Measuring and managing climate risk: patchy data is undermining accuracy

Climate Disclosures PoV main pic

To accurately price the physical risks of climate change, investors need consistent, comparable and comprehensive climate disclosures – but data is patchy. To improve physical risk management and disclosure, banks must engage more with climate-risk modelers and data providers.

Encouraging disclosure

Increasingly, investors must assess the climate-related risks faced by the companies they invest in. Consistent, comparable and relevant metrics are vital if they want to make informed decisions about corporate engagement, stock selection and investment products. In general, comprehensive disclosures ensure that the market has the right information to price climate-related risks and build climate resilience.

In 2016, the Task Force on Climate-Related Financial Disclosures (TCFD) was established to:

  • Address historical shortcomings in the reporting of climate-related risks.
  • Encourage corporations to calculate their exposure to climate risk and disclose it to investors and stakeholders.

This voluntary framework covers four categories: governance, strategy, risk management, and metrics and targets (see Figure 1).

Figure 1: The Task Force on Climate-Related Financial Disclosures covers four categories

Climate Disclosures PoV Fig1

Source: Chartis Research (based on TCFD documentation)

Since the TCFD’s final recommendations report in 2017, support for the initiative has grown to over 1,440 organizations. While the TCFD’s recommendations are gradually improving firms’ integration of climate-change risks into their disclosures, progress has been uneven across sectors, geographies and the disclosure areas outlined in Figure 1. In 2019, of the 76 banks that endorsed the TCFD framework, only 39 had started to disclose, and 28 of the world’s largest banks had yet to sign up at all.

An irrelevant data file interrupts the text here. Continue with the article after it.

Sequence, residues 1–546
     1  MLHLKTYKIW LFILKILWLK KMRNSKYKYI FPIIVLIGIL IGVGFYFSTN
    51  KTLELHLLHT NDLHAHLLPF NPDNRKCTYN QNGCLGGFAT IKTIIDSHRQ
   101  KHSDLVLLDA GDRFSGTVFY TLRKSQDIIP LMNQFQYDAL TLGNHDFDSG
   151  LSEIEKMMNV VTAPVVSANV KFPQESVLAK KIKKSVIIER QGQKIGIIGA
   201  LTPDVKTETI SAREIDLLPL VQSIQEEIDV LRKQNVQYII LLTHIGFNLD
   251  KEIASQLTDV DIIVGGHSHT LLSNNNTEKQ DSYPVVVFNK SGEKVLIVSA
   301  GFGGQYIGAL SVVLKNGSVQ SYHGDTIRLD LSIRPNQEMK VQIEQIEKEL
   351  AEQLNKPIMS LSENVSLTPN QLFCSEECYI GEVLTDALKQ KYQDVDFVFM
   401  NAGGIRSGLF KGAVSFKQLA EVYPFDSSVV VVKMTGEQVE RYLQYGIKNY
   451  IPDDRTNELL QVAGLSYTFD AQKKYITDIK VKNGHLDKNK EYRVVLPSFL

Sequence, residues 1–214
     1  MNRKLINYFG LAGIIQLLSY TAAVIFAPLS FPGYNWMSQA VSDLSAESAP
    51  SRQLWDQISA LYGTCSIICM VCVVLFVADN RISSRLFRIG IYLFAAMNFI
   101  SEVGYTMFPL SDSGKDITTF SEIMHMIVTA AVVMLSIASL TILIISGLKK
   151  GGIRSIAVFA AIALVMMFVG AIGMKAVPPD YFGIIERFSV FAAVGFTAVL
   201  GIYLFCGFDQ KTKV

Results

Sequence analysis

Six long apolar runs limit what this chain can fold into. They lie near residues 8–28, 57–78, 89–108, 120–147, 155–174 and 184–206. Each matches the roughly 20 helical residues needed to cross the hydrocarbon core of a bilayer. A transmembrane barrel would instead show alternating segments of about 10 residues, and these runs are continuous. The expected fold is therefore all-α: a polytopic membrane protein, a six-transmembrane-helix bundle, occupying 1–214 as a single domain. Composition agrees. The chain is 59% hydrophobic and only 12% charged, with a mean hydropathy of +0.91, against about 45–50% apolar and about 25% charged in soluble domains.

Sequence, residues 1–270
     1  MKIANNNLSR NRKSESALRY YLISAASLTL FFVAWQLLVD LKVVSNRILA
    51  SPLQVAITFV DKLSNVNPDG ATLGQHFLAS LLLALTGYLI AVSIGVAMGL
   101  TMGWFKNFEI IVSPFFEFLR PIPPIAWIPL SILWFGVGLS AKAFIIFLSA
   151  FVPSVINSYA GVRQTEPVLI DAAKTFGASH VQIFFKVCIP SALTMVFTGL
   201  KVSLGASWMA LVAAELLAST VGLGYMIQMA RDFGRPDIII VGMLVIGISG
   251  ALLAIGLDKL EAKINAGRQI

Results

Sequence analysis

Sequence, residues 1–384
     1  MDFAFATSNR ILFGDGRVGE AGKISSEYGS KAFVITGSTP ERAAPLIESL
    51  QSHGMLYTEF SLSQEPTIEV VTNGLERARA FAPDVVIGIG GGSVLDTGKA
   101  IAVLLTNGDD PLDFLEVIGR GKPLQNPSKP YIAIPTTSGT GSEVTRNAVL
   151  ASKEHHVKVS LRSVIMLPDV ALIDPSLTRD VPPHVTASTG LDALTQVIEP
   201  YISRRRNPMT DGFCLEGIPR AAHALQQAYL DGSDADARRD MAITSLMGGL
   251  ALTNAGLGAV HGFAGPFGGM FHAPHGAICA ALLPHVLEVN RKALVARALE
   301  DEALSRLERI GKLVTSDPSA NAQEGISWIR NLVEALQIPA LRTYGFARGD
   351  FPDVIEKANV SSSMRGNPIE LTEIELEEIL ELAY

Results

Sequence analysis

Room for improvement

Across the financial industry, strategy disclosures are the least developed of the recommendations in the four TCFD categories. Many banks have not disclosed the results of their scenario analyses, including financial impacts or statements about the resilience of their strategies. And most banks that have carried out scenario analyses have focused more on transition risks than on physical ones (see Figure 2). In addition, these risks are not being reported in a clear and comparable format across financial institutions (FIs).

Figure 2: Physical and transition climate risks

Climate Disclosures PoV Fig2

Source: Chartis Research

While the TCFD framework offers several suggestions for metrics for transition risks, it does not include metrics for physical climate risks. So that FIs can provide more useful information to investors, there is a clear need for standardized and clearly reported assessment methodologies and risk metrics for physical risks, based on the TCFD framework.

Location considerations